In rabbinical school in the 1970s, I would probably still have called myself a non-Zionist if it had been possible. But by that point in time, Judaism equaled Zionism and not to call oneself a Zionist was simply unimaginable, so a Zionist I became, at least nominally. Immersed in that world, it was beyond my comprehension to contemplate that, as the enemies of Israel believed, “Zionism is racism.” I was enraged by the Palestinian professor who taught in my Ph.D. program who would not allow Jewish students in his class because of his anger at Israel. But I always assumed the occupation would end, and Israel would make peace with the Palestinians and give them back the lands they began to occupy in 1967. To that end, I became a nominal supporter of groups like Breira, New Jewish Agenda and Women in Black, but I did not get involved.
The 1982 massacre at Sabra and Shatila changed that for me. I began to speak publicly about Israel’s complicity and power in the region; I began to feel an even deeper alienation and anger. From there, I have never turned back. When the government of Israel acceded to the idea of creating a Palestinian state, I was hopeful, but I soon realized that would never come to pass as the reality of a greater Israel soon superseded it. While liberal Jews still cling to the idea of a two-state solution and the image of Israel as a democracy, it became clearer and clearer to me that the majority of Israelis and the elected government of Israel favored the one-state solution that exists today — a theocracy in which anyone who is not Jewish is a second-class citizen at best, and, at worst, a prisoner. This is the reality of the sovereign state of Israel. I still hope for a time when Israel/Palestine is transformed into a place where everyone can live in peace, where Jewish people and Jewish culture thrive alongside the region’s other peoples and cultures; much like what I believe Kaplan envisioned and what he meant by Zionism.
At this point in time, however, hoping is not enough. Zionism that is defined by support for the State of Israel (even when the support claims to be progressive and includes a call for the occupation to end and a commitment to a two-state solution) is not ethical nationhood. It can’t be transvalued while Israel continues to oppress the Palestinian population. I respect both the progressive Reconstructionist Zionists who believe that things will get better, even as I fail to understand how they can still assert that Israel is a democracy and not a theocracy. I also respect the Reconstructionist non-Zionists who are now focused on building an American Judaism and do not engage with Israel; Kaplan’s passion to create a vibrant Jewish life here is what attracted me to the movement in the first place. But progressive Zionism and even the non-Zionist option is no longer, for me, sufficient. The political Zionism that won the day in 1948 has destroyed the lives of generations of Palestinians, disregarded their attachment to the land, and disrespected their history and culture. It is not a viable option for me to support it.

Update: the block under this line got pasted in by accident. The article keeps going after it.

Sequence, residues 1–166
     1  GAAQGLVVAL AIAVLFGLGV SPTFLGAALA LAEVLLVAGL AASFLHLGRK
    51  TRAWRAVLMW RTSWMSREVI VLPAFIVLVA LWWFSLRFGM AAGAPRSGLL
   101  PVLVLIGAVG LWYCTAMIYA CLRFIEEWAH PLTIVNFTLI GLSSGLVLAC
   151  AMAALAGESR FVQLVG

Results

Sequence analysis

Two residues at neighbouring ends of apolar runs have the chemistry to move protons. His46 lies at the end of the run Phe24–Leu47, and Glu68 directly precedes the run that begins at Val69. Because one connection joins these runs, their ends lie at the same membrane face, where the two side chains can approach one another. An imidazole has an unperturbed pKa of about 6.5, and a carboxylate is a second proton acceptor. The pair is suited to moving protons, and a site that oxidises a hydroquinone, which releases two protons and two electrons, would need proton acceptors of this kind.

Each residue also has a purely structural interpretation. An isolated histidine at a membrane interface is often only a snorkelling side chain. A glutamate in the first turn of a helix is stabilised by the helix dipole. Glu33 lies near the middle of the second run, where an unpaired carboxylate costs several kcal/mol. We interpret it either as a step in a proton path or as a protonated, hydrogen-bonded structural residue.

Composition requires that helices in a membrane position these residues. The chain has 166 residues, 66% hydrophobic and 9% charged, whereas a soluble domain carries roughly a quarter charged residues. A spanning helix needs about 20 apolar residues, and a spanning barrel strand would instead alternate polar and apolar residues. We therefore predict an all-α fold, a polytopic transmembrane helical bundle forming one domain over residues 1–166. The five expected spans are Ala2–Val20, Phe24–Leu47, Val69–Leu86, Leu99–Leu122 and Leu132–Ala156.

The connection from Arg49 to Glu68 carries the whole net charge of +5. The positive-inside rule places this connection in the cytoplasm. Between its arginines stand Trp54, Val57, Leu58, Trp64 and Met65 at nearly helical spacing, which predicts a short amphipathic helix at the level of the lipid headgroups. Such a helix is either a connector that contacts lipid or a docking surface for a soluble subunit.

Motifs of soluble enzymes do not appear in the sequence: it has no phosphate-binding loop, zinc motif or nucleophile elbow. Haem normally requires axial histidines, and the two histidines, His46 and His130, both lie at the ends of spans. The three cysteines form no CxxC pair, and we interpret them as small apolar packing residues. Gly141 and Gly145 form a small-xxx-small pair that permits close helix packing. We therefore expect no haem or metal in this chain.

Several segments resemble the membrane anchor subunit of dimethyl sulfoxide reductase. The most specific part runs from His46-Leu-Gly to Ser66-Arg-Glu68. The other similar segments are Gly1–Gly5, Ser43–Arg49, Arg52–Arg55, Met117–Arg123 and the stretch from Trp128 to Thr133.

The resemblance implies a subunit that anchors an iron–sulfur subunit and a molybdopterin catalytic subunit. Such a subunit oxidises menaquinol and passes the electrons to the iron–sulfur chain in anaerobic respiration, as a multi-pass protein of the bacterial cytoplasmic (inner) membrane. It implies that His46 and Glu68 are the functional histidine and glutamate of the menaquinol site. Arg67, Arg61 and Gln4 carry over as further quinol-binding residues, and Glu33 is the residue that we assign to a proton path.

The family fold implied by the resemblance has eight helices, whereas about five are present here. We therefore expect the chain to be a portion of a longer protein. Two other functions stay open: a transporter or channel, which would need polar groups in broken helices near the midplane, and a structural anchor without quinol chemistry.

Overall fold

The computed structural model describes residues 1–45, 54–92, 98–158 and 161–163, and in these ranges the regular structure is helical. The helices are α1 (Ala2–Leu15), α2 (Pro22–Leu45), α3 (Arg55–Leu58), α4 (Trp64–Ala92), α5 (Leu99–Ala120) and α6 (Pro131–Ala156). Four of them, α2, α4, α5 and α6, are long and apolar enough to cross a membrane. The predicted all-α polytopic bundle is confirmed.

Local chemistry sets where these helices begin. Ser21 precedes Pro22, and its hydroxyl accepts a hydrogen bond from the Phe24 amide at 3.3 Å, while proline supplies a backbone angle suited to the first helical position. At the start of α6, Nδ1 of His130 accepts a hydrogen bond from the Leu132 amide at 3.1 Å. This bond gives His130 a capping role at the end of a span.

Today, I believe that to uphold Reconstructionist values I must stand, as a Jew, in solidarity with Palestinians and work with Jewish Voice for Peace to support non-violent Palestinian tactics of boycott, divestment and sanctions that, we hope, will persuade Israel to end the occupation. In the current climate in the Jewish world, that makes me an anti-Zionist. But in my mind, it makes me, finally, a Zionist who is working for the Zion that Kaplan envisioned.
 Judaism as a Civilization, 277. That is not to say Kaplan did not share the prejudices of his colonial counterparts; in the same sentence he commented on the “political immaturity of its [Palestine’s] inhabitants” and the “civilizing” impact of European immigrants.
 See Noam Pianko, Zionism: The Roads Not Taken Rawidowicz, Kaplan, Kohn (Indiana University Press, 2010) for a full exploration of the varieties of pre-state Zionism that were popular.
 Religion of Ethical Nationhood, p. 132.
 “Israel and the Diaspora: A Reconstructionist Reconsideration of Zionism” The Reconstructionist (Spring 1998), p. 50.
[i] That is not to say Kaplan did not share the prejudices of his colonial counterparts; in the same paragraph, he commented on the “political immaturity of its [Palestine’s] inhabitants” and the “civilizing” impact of European immigrants.